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BRB No. 04-0171


BETTY HARRIS
(Widow of JOSEPH HARRIS, JR.)

		Claimant-Petitioner
		
	v.

ELMWOOD DRY DOCK & REPAIR

	and

ELMWOOD MARINE SERVICES, INCORPORATED

		Employer/Carrier-
		Respondents


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DATE ISSUED: Oct. 19, 2004







DECISION and ORDER


Appeal of the Decision and Order Denying Benefits of Clement J. Kennington, Administrative Law Judge, United States Department of Labor.

R.A. Osborn, Jr. and R.A. Osborn, III, Gretna, Louisiana, for claimant, and Dominick Savona, Jr., Gretna, Louisiana, for Barbara Bratton.

Mark D. Latham (Liskow & Lewis), New Orleans, Louisiana, for employer/carrier.

Before: DOLDER, Chief Administrative Appeals Judge, SMITH and BOGGS, Administrative Appeals Judges.

PER CURIAM:

Claimant appeals the Decision and Order Denying Benefits (2002-LHC-01052) of Administrative Law Judge Clement J. Kennington rendered on a claim filed pursuant to the provisions of the Longshore and Harbor Workers’ Compensation Act, as amended, 33 U.S.C. §901 et seq. (the Act). We must affirm the findings of fact and conclusions of law of the administrative law judge if they are rational, supported by substantial evidence, and in accordance with law. O’Keeffe v. Smith, Hinchman & Grylls Associates, Inc., 380 U.S. 359 (1965); 33 U.S.C. §921(b)(3).

Joseph Harris, the decedent, worked for employer as a dock master and welder. On June 17, 2000, he left work early with flu-like symptoms that had begun the night before. The decedent complained to claimant, his wife, of shortness of breath and gas. The decedent called for an ambulance and was taken to West Jefferson Medical Center, where he was diagnosed with pneumonia and respiratory failure. On June 18, 2000, decedent's blood tested positive for aeromonas hydrophilia. Aeromonas hydrophilia is a bacterium commonly found in fresh water. Aeromonas hydrophilia can enter the bloodstream from a cut or puncture wound and contact with fresh water, by ingestion from drinking water into the gastro-intestinal tract, or by aspiration directly into the lungs. Aeromonas hydrophilia may cause skin and soft tissue infection at the site of the cut or wound, and intestinal tract infection. In rare cases, aeromonas hydrophilia causes pneumonia or sepsis. In this case, decedent’s health worsened and he was transferred to Ochsner Foundation Hospital on June 20, 2000, for more extensive respiratory treatment. He was diagnosed there with Adult Respiratory Distress Syndrome and sepsis. On June 23, 2000, decedent expired due to septic shock caused by aeromonas hydrophilia. Claimant filed a claim for death benefits under the Act alleging that decedent contracted the aeromonas hydrophilia bacterium during the course of his employment for employer. 1 33 U.S.C. §909.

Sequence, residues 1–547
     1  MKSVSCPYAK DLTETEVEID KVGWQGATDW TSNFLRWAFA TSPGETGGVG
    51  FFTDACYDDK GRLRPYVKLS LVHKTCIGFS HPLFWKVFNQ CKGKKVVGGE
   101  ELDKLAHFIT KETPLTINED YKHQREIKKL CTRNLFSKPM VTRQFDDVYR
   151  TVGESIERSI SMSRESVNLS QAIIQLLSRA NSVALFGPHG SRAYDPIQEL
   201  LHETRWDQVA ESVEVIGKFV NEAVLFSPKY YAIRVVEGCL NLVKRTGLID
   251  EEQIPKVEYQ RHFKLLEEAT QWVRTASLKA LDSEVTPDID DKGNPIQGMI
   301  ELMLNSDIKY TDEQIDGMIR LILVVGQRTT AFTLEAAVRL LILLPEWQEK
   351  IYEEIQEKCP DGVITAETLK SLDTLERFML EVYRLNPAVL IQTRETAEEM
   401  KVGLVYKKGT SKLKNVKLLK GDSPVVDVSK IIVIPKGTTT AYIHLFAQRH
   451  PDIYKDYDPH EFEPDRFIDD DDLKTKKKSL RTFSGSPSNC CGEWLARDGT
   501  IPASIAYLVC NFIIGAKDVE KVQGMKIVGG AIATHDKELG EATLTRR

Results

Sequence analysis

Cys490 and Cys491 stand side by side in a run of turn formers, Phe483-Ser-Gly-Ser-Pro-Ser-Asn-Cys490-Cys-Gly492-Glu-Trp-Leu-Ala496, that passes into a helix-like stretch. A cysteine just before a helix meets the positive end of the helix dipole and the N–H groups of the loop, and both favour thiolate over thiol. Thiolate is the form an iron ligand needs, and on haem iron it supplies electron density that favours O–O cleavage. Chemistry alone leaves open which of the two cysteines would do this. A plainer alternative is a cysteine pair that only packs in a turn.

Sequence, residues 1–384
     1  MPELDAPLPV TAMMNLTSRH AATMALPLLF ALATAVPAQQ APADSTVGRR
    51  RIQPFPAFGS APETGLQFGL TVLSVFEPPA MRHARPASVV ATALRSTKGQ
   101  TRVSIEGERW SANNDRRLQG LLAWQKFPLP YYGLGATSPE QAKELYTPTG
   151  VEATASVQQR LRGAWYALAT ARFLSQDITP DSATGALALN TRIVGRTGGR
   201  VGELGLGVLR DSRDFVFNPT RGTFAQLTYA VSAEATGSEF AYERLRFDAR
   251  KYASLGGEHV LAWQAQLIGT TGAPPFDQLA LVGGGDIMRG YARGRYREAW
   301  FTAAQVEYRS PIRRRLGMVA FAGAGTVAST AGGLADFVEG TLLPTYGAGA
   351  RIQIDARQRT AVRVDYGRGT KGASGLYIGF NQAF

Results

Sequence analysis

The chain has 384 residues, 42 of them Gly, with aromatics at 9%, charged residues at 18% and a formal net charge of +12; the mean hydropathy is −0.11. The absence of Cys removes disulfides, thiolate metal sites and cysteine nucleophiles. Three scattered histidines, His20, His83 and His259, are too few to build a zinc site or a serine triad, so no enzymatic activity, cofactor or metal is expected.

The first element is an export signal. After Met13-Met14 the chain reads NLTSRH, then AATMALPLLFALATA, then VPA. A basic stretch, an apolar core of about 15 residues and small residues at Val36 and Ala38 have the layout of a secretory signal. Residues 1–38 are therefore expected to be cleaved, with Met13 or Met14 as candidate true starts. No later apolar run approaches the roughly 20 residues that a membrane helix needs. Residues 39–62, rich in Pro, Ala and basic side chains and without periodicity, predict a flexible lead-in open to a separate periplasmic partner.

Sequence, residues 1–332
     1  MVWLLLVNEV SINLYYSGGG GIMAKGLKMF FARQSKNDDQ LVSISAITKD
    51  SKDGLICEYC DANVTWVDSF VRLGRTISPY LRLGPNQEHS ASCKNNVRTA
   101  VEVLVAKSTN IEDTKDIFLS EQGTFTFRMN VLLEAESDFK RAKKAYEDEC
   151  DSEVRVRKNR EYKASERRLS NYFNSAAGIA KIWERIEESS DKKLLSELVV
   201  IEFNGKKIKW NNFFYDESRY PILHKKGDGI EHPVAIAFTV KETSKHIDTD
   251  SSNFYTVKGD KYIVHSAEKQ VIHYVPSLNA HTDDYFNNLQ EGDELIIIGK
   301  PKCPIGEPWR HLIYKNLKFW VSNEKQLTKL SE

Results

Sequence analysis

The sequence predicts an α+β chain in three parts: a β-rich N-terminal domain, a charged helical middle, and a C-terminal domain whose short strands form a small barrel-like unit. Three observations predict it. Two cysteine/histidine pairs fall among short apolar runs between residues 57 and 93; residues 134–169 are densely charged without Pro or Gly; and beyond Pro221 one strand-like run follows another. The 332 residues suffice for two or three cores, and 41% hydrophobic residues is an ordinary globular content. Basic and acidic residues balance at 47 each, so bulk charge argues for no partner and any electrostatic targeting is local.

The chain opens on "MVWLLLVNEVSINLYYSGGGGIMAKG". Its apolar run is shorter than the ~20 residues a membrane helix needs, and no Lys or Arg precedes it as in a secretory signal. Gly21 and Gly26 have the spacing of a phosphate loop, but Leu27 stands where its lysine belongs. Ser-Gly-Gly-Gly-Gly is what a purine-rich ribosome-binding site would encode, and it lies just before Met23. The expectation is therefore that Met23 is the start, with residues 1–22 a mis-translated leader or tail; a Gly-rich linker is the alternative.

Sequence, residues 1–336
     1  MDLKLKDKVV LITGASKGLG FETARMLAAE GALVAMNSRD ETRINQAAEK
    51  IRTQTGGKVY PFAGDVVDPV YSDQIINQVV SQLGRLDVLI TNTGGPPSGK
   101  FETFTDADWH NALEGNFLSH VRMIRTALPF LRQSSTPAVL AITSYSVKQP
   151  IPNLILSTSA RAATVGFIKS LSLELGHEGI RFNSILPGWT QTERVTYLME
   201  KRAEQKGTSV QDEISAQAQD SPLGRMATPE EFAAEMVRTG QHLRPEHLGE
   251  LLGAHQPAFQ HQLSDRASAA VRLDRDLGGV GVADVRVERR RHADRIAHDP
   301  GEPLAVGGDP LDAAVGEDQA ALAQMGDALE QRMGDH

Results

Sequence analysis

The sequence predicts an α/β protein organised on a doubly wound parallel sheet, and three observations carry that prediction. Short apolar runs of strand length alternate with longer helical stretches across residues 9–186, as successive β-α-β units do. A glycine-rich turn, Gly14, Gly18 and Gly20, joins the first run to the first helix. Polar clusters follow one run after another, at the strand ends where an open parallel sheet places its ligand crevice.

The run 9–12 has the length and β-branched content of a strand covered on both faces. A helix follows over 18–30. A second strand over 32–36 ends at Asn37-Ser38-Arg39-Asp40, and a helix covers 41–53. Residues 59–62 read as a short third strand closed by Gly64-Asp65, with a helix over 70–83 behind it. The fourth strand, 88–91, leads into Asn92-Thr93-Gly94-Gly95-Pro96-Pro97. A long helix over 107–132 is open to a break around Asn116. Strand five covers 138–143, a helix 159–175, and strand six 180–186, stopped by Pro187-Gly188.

In his decision, the administrative law judge discredited claimant’s testimony that the decedent contracted aeromonas hydrophilia after being stung by a catfish while working for employer. However, the administrative law judge credited the testimony of Dr. Dalovisio that the decedent was exposed to the aeromonas hydrophilia bacterium at work and, more likely than not, contracted aeromonas hydrophilia there to find claimant entitled to the Section 20(a) presumption, 33 U.S.C. §920(a). The administrative law judge credited the testimony of Dr. Lutz that there is no medical evidence linking decedent’s contracting aeromonas hydrophilia to his employment to find that employer successfully rebutted the presumption. Finally, the administrative law judge found, based on the record as a whole, that the decedent’s contracting of the aeromonas hydrophilia bacterium was not related to his employment. The administrative law judge credited the testimony of Dr. Lutz and the absence of any credible evidence linking decedent’s death to his employment. Therefore the administrative law judge denied the claim for death benefits.

On appeal, claimant challenges the administrative law judge’s finding that employer rebutted the Section 20(a) presumption, and his finding, based on the record as a whole, that decedent’s death due to aeromonas hydrophilia is not related to his employment. Employer responds, urging affirmance.